2.285. Now the occasion of this war was by no means proportionable to those heavy calamities which it brought upon us. For the Jews that dwelt at Caesarea had a synagogue near the place, whose owner was a certain Cesarean Greek: the Jews had endeavored frequently to have purchased the possession of the place, and had offered many times its value for its price; 2.286. but as the owner overlooked their offers, so did he raise other buildings upon the place, in way of affront to them, and made workingshops of them, and left them but a narrow passage, and such as was very troublesome for them to go along to their synagogue. Whereupon the warmer part of the Jewish youth went hastily to the workmen, and forbade them to build there; 2.287. but as Florus would not permit them to use force, the great men of the Jews, with John the publican, being in the utmost distress what to do, persuaded Florus, with the offer of eight talents, to hinder the work. 2.288. He then, being intent upon nothing but getting money, promised he would do for them all they desired of him, and then went away from Caesarea to Sebaste, and left the sedition to take its full course, as if he had sold a license to the Jews to fight it out. 2.289. 5. Now on the next day, which was the seventh day of the week, when the Jews were crowding apace to their synagogue, a certain man of Caesarea, of a seditious temper, got an earthen vessel, and set it with the bottom upward, at the entrance of that synagogue, and sacrificed birds. This thing provoked the Jews to an incurable degree, because their laws were affronted, and the place was polluted. 2.290. Whereupon the sober and moderate part of the Jews thought it proper to have recourse to their governors again, while the seditious part, and such as were in the fervor of their youth, were vehemently inflamed to fight. The seditious also among [the Gentiles of] Caesarea stood ready for the same purpose; for they had, by agreement, sent the man to sacrifice beforehand [as ready to support him] so that it soon came to blows. 2.291. Hereupon Jucundus, the master of the horse, who was ordered to prevent the fight, came thither, and took away the earthen vessel, and endeavored to put a stop to the sedition; but when he was overcome by the violence of the people of Caesarea, the Jews caught up their books of the law, and retired to Narbata, which was a place to them belonging, distant from Caesarea sixty furlongs. 2.292. But John, and twelve of the principal men with him, went to Florus, to Sebaste, and made a lamentable complaint of their case, and besought him to help them; and with all possible decency, put him in mind of the eight talents they had given him; but he had the men seized upon and put in prison, and accused them for carrying the books of the law out of Caesarea. 7.44. for though Antiochus, who was called Epiphanes, laid Jerusalem waste, and spoiled the temple, yet did those that succeeded him in the kingdom restore all the donations that were made of brass to the Jews of Antioch, and dedicated them to their synagogue, and granted them the enjoyment of equal privileges of citizens with the Greeks themselves; 7.45. and as the succeeding kings treated them after the same manner, they both multiplied to a great number, and adorned their temple gloriously by fine ornaments, and with great magnificence, in the use of what had been given them. They also made proselytes of a great many of the Greeks perpetually, and thereby, after a sort, brought them to be a portion of their own body.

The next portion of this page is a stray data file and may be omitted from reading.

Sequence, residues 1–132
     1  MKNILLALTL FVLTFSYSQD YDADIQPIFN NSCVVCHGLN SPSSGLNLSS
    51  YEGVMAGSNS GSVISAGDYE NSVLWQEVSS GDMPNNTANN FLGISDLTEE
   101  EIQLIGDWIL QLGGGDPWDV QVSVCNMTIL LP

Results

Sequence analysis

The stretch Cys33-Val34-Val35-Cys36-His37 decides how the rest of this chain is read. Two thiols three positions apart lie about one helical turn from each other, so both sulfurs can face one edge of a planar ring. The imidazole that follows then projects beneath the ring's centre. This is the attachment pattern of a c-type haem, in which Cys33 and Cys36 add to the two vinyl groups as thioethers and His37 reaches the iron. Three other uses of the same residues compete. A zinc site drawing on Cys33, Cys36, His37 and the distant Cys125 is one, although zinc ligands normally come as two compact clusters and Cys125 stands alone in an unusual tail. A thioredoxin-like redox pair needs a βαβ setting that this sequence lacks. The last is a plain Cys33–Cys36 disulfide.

11. Anon., Sifre Deuteronomy, 356 (2nd cent. CE - 4th cent. CE)  Tagged with subjects: •antioch, synagogue, communal institution (first century c.e.) Found in books: Levine (2005) 405
12. Cassius Dio, Roman History, 76.13 (2nd cent. CE - 3rd cent. CE)  Tagged with subjects: •antioch, synagogue, communal institution (first century c.e.) Found in books: Levine (2005) 405
76.13. 1.  After conducting the siege for twenty days, he then went to Palestine, where he sacrificed to the spirit of Pompey. Thence he sailed to Upper Egypt, passing up the Nile, and viewed the whole country with some few exceptions; for instance, he was unable to pass the frontier of Ethiopia because of a pestilence.,2.  He inquired into everything, including things that were very carefully hidden; for he was the kind of person to leave nothing, either human or divine, uninvestigated. Accordingly, he took away from practically all the sanctuaries all the books that he could find containing any secret lore, and he locked up the tomb of Alexander; this was in order that no one in future should either view Alexander's body or read what was written in the above-mentioned books. So much, then, for what Severus was doing.,3.  I have no wish, now, to write about Egypt in general, but I do feel fully justified in mentioning what I have learned about the Nile by accurate investigation in many quarters. It clearly has its source on Mount Atlas. This is situated in Macennitis, toward the west, close to the ocean itself, and it towers far above all other mountains, for which reason the poets have called it the pillar of the sky; no one, indeed, has ever ascended its summit or seen its peaks.,4.  Hence it is always covered with snow, which in summer time sends down a great volume of water. The whole region about its base is marshy at all times, but at this season becomes even more so, with the result that it swells the Nile at harvest time; for this is the river's source, as is proved by the crocodiles and other animals that are born here as well as in the Nile.,5.  Let no one be surprised, now, that we have made discoveries unknown to the ancient Greeks; for the Macennitae live near Lower Mauretania and many of the soldiers who are stationed there go as far as Atlas. This is the truth of the matter.